Thinking of Alaskan fishing brings to mind images of sockeye salmon jumping up Brooks Falls, the powerful brown bear, bald eagles, and snowcapped mountain ranges seemingly touching the skies. What I found on my adventure to Western Alaska near the Yukon River and the Bering Sea was quite different: the land was flat, water was muddy, and no bears were in sight. We landed at. . .
The finished fly has just the right combination of
contrast, bugginess, and flash.
Woven-body fly patterns often look intimidating, as if creating the body involves some kind of arcane knitting skill. But Georgia-based tier Kevin Griffin’s caddisfly-nymph pattern reveals that you can achieve that neat woven look simply by tying repeated overhand knots in contrasting materials. Once you’ve mastered the technique, you can mix and match colors and materials to create new. . .
It’s cold up here, although spring is finally starting to show up. There is still ice in most of the ponds, and I’ve still got snow in the yard. I had no intention of even trying to introduce Murph to the water until it had warmed up significantly and the water temps weren’t just above freezing. I certainly didn’t want to give him an. . .
Things are starting to heat up on the Delaware River, and it won’t be long before hatches like this one start coming off.
photo Courtesy West Branch Angler
Just a couple of hours north of New York City, the Delaware River system offers some of the finest big-river fishing east of the Mississippi and ranks right up there with the best rivers in the country. It’s a wide, western-style river with legendary hatches and some very big wild trout. The beauty of it is that the Delaware can be a fickle mistress, offering epic days and incredibly challenging days, and you never know which one you’ll have until you step in the river.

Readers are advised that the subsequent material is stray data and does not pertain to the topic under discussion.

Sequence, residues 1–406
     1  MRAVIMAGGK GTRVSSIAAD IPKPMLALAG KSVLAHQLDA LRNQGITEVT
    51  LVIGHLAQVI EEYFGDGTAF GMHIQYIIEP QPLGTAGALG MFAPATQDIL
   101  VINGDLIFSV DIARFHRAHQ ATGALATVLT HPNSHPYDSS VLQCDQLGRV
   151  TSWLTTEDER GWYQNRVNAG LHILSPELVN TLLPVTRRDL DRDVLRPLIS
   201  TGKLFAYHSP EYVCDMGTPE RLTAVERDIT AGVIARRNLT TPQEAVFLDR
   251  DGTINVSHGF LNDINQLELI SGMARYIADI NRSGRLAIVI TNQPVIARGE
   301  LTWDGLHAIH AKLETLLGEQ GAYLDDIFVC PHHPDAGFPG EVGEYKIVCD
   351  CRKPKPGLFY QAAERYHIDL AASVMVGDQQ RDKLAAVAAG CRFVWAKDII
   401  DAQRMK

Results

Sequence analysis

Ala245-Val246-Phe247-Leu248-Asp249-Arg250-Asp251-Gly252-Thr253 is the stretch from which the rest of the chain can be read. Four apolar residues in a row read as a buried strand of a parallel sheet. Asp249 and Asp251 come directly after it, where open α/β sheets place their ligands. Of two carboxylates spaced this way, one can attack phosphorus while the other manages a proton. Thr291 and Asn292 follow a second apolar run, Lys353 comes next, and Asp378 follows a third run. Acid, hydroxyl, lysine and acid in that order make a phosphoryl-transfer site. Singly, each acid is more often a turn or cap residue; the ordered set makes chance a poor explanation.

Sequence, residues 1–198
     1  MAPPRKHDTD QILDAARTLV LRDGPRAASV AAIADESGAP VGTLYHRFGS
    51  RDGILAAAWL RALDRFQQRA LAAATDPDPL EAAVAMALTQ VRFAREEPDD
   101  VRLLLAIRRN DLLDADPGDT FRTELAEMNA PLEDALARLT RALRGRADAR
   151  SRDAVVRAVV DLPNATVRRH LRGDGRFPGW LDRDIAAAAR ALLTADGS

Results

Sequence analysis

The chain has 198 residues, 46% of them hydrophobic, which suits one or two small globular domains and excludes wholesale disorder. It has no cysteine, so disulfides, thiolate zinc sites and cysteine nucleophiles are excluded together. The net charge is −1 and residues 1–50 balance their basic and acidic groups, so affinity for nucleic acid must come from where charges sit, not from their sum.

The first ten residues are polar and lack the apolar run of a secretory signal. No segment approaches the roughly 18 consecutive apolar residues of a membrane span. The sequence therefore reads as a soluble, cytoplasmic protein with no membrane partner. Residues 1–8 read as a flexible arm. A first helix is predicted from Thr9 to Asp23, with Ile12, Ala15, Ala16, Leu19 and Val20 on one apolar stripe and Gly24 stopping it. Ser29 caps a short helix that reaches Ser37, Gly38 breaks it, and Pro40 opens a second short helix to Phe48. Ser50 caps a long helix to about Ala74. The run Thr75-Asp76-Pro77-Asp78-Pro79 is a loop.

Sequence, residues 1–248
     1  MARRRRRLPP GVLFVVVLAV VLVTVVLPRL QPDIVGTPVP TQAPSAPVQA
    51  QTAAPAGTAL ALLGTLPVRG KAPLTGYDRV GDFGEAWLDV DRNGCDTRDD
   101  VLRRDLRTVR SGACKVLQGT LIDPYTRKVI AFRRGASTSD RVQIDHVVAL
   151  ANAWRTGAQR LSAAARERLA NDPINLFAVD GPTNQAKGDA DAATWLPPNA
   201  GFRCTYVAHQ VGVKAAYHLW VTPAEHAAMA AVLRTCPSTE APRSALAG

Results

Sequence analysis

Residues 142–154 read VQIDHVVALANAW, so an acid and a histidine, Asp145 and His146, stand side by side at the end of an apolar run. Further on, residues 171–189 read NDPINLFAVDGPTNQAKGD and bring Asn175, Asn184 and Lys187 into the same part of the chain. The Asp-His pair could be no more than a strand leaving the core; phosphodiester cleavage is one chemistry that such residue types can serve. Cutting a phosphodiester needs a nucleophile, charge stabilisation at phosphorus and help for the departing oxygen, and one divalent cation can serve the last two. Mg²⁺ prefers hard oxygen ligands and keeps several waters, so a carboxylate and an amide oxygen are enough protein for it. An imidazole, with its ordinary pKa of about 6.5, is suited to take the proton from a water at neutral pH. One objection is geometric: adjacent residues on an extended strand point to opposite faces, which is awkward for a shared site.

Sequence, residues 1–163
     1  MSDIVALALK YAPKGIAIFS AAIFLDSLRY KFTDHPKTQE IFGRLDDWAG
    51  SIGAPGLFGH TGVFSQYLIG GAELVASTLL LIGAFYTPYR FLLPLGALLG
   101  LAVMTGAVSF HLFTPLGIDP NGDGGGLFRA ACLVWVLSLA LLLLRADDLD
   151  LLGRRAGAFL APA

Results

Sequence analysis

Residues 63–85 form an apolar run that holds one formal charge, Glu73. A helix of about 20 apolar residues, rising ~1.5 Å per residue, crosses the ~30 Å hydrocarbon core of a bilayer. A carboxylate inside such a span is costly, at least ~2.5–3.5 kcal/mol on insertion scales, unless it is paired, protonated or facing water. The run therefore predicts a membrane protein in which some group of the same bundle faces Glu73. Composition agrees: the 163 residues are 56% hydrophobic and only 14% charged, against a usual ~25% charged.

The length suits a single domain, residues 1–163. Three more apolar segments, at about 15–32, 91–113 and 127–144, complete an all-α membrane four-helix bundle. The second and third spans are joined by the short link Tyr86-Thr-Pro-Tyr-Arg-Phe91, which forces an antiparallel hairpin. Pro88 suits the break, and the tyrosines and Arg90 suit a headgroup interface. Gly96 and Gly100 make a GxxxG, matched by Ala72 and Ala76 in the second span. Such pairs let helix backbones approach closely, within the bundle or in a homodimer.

Most promotional videos are pretty much the same, showing guys catching fish over a heart-thumping soundtrack. There’s plenty of that in the short film Bay Street Outfitters put together about fishing for redfish off Beaufort, South Carolina, but they decided to go the extra mile by creating a fun narrative plot. It makes it easy to imagine yourself in the role of an angler checking into his hotel the night before his big trip, dreaming of the next day. I hope more lodges and outfitters try this narrative method. It would eliminate a lot of the “same old, same old” feeling you get from watching these kinds of videos.
A bunch of folks from the Orvis Home Offices in Vermont are down here in the Florida Keys for an annual meeting with the owners of Orvis-Endorsed lodges. A few of us got in some fishing, including Vice Chairman of Orvis, Dave Perkins, who got into a nice tarpon straight away when he went out with Dan Michels, owner of Crystal Creek Lodge in Bristol Bay, Alaska; both of them guided and hosted by Gordon Baggett, at Bahia Honda Sporting Club and Lodge.
Anglers heading to fish the Madison River south of Ennis, Montana have a new way to check on water conditions before hitting the road. The U. S. Geological Service has installed a real-time water-data gauge at Varney Bridge, which will provide information on water flow and temperature. There had not been such a monitoring station on that stretch since. . .
Welcome to another edition of the OrvisNews.com Friday Film Fest, in which we scour the Internets for the best fly-fishing footage available. It may be April Fool’s Day, but the FFF is not something we fool around with. This week’s collection takes you from Canada’s Skeena River for steelhead, to the Florida Keys for tarpon, and across the Pond to France for largemouth bass(?). Plus, there’s dancing. Enjoy!
This week we have a couple of interesting fly box items–one on reeling right or left hand, and the other on how to dress for fly fishing. The main podcast is about evaluating a new trout stream to figure out how fast to move, what fly to use, and how rich the stream is. I also include a shameless plug for my new book Small Stream Trout Fishing.
Listen to this podcast by clicking the READ MORE button below.